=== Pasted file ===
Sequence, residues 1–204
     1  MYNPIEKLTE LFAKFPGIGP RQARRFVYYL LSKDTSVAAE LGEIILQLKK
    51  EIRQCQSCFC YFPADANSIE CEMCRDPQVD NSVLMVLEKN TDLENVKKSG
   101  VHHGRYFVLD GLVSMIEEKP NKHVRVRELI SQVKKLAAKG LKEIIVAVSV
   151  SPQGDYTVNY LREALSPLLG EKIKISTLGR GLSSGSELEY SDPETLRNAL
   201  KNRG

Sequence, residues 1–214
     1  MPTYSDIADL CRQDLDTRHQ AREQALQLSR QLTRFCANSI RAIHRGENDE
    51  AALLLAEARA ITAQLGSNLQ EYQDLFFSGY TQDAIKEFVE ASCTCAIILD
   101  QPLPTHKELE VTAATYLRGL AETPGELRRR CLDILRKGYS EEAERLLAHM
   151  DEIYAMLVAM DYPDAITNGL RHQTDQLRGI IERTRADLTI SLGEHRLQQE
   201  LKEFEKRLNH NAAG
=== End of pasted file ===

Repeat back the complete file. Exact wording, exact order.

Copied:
Sequence, residues 1–204
     1  MYNPIEKLTE LFAKFPGIGP RQARRFVYYL LSKDTSVAAE LGEIILQLKK
    51  EIRQCQSCFC YFPADANSIE CEMCRDPQVD NSVLMVLEKN TDLENVKKSG
   101  VHHGRYFVLD GLVSMIEEKP NKHVRVRELI SQVKKLAAKG LKEIIVAVSV
   151  SPQGDYTVNY LREALSPLLG EKIKISTLGR GLSSGSELEY SDPETLRNAL
   201  KNRG

Sequence, residues 1–214
     1  MPTYSDIADL CRQDLDTRHQ AREQALQLSR QLTRFCANSI RAIHRGENDE
    51  AALLLAEARA ITAQLGSNLQ EYQDLFFSGY TQDAIKEFVE ASCTCAIILD
   101  QPLPTHKELE VTAATYLRGL AETPGELRRR CLDILRKGYS EEAERLLAHM
   151  DEIYAMLVAM DYPDAITNGL RHQTDQLRGI IERTRADLTI SLGEHRLQQE
   201  LKEFEKRLNH NAAG